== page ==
Anthony Fusco (left) is Henry Higgins, Catherine Castellanos (center) is Mrs. Pearce and Irene Lucio is Eliza Doolittle in California Shakespeare Theater’s production of Pygmalion by George Bernard Shaw. Below: On the streets of Covent Garden – Nicholas Pelczar (on balcony) is Freddy Eynsford Hill, Lucio (center) is Eliza and Julie Eccles is Mrs. Eysnford Hill. Photos by Kevin Berne
When real life comes in and smacks Prof. Henry Higgins across the face, it’s a wonderful thing to see this brilliant yet stunted man consider, perhaps for the first time in his life, that kindness may have worth akin to genius.
The force representing the real world – a world of messiness and emotion and connection – takes the form of Eliza Doolittle, an extraordinary young woman who is the intellectual if not social equal of Higgins and his superior when it comes to living life as most of humanity experiences it.
One of the great things about the California Shakespeare Theater production of George Bernard Shaw’s Pygmalion is how balanced it is. You feel Shaw’s guiding hand in Jonathan Moscone’s approach in the way that nothing feels superfluous. Every character is there for a reason and a point of view. Moscone’s cast is filled with Bay Area all-stars plus a remarkable company debut from Irene Lucio as Eliza, the flower girl with brains, bravery and aspiration.
Lucio’s Eliza is fascinating for several reasons, not the least of which is how she is fully emotionally alive without ever over-playing it. The rough Eliza we meet on the cobblestones of Covent Garden is recognizable in the graceful, articulate, beautifully spoken Eliza we see at the end. There’s an emotional through-line in the character I haven’t felt before in other productions of the play or its musical sibling, My Fair Lady. That makes a big difference in the focus of the story, which comes down to Henry, the teacher (or sculptor), and Eliza, the student (or sculpture) and then zeroes even closer in on Eliza before allowing Henry a moment of reflection, realization and possible heartbreak (which is, in its own right, a triumph brought about by Eliza).
The pleasures of this 2 1/2-hour play are many, from the elegant, florally accented set by Annie Smart to the classy costumes by Anna Oliver. But it’s the sterling cast that really makes it crackle. As the “pretty pair of babies playing with their live doll,” Anthony Fusco and L. Peter Callender essaying Higgins and Col. Pickering respectively, are delightfully crisp in their camaraderie and confirmed bachelorhood. They embark on their experiment turning Eliza, a “draggle-tailed guttersnipe,” into a princess at a ball with the glee of boys building a fort in the woods. That Pickering is the warmer, more mannerly man is clear from the start, and Higgins, for all his selfish thoughtlessness, is always interesting and usually honest. He’s frank and even mean, but it doesn’t seem he intends to be. Callender’s charms are many here, and the masterful Fusco keeps Higgins from being a monster by virtue of his intelligence, enthusiasm and emotional complexity under all that scholarly folderol.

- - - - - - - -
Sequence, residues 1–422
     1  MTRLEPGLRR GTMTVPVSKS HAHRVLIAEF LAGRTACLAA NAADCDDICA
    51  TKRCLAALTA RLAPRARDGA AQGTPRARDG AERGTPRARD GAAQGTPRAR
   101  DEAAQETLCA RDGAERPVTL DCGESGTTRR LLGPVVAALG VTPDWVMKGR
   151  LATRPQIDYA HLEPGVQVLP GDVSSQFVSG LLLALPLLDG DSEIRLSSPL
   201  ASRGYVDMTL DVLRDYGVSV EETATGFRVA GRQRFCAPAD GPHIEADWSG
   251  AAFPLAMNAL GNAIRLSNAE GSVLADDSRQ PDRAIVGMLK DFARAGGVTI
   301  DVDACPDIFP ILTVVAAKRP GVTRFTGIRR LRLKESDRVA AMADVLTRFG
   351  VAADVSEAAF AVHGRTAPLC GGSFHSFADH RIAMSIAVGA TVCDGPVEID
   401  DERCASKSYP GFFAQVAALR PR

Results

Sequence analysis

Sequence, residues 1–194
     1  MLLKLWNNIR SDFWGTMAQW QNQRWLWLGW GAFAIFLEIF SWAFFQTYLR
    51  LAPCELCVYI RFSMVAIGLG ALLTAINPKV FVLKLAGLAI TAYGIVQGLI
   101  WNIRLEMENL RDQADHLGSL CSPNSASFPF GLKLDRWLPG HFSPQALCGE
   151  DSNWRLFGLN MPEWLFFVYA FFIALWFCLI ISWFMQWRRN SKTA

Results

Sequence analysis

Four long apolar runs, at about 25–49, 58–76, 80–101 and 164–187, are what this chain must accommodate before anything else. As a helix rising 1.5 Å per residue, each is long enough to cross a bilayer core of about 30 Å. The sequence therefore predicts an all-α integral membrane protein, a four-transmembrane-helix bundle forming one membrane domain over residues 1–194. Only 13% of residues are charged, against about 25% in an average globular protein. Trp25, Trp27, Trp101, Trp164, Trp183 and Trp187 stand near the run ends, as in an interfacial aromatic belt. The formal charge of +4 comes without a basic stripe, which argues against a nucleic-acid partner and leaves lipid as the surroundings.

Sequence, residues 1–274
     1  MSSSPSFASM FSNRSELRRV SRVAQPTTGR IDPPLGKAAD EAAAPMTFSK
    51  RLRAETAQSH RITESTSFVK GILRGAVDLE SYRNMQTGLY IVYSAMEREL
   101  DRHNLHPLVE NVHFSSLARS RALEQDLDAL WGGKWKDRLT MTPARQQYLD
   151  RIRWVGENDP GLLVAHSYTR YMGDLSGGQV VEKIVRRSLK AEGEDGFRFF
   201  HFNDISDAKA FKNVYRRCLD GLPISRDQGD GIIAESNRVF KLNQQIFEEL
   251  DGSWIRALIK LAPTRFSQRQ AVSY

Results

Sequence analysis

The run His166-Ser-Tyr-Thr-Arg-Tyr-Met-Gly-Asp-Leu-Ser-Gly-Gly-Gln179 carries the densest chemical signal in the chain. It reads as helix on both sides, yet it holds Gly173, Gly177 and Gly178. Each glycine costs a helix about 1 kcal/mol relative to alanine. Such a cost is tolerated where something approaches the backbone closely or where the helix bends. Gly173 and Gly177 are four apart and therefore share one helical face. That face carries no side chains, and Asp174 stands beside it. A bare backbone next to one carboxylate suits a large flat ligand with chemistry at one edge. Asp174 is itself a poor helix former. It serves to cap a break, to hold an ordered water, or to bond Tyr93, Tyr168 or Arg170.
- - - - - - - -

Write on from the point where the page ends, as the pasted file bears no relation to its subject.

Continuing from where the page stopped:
Catherine Castellanos is the epitome of British resolve as housekeeper Mrs. Pearce. She’s strong and sensible and can’t for the life of her talk Higgins and Pickering into understanding that their “experiment” involves a real, live human being with feelings and attachments and a future growing more complicated by the day. Equally strong but with more humor and heart is Sharon Lockwood’s Mrs. Higgins, a mother continually frustrated by her rude, inconsiderate yet somehow adorable son. Lockwood and Castellanos are also very funny in the opening scene as squawking Cockneys.
The Eynsford Hill family is often forgettable in Pygmalion, but not here. As members of the upper class who have very little money, their desperation masked with pretension is a powerful component of Shaw’s deconstruction of class and its illusions and debilitating demands. Julie Eccles as Mrs. Eynsford Hill keeps up appearances but clearly has suffered in life. She has compassion, unlike her daughter Clara (Elyse Price), while her son Freddy (Nicholas Pleczar) is simply a noodle.
Probably as Shaw intended it, Eliza’s father, Alfred Doolittle, practically steals the show. James Carpenter’s performance bursts with charm and unfettered joy at being a proud member of the “undeserving poor.” Before he officially launches his crusade against middle-class morality, Alfred the dustman is a rouge and a ruffian touched with a gift for rhetoric. He brings discomfort and entertainment in equal measure, and there’s menace and merriment in Carpenter’s brilliant portrayal. It’s too bad Shaw never got around to writing a spin-off: Doolittle in America.
So often Pygmalion is presented as a play of ideas, which it certainly is. Shaw is never caught short on that score. But it’s also a play bursting with life. Eliza wants more and better for herself and does everything she can to get it, even if what she gets isn’t at all what she expected. But she’s undaunted, and she finds that she’s as smart as Higgins but even better equipped than he is to deal with the realities of modern life. She heads off into an uncertain future with confidence, and that’s absolutely thrilling.
I talked to Pygmalion dialect coach Lynne Soffer for a feature in the San Francisco Chronicle. Read the story here.
FOR MORE INFORMATION
California Shakespeare Theater’s Pygmalion by George Bernard Shaw continues through Aug. 24 at the Bruns Amphitheater, 100 California Shakespeare Theater Way, Orinda. Free BART shuttle to and from the theater at Orinda BART station. Tickets are $20-$72. Call 510-548-9666 or visit www.calshakes.org.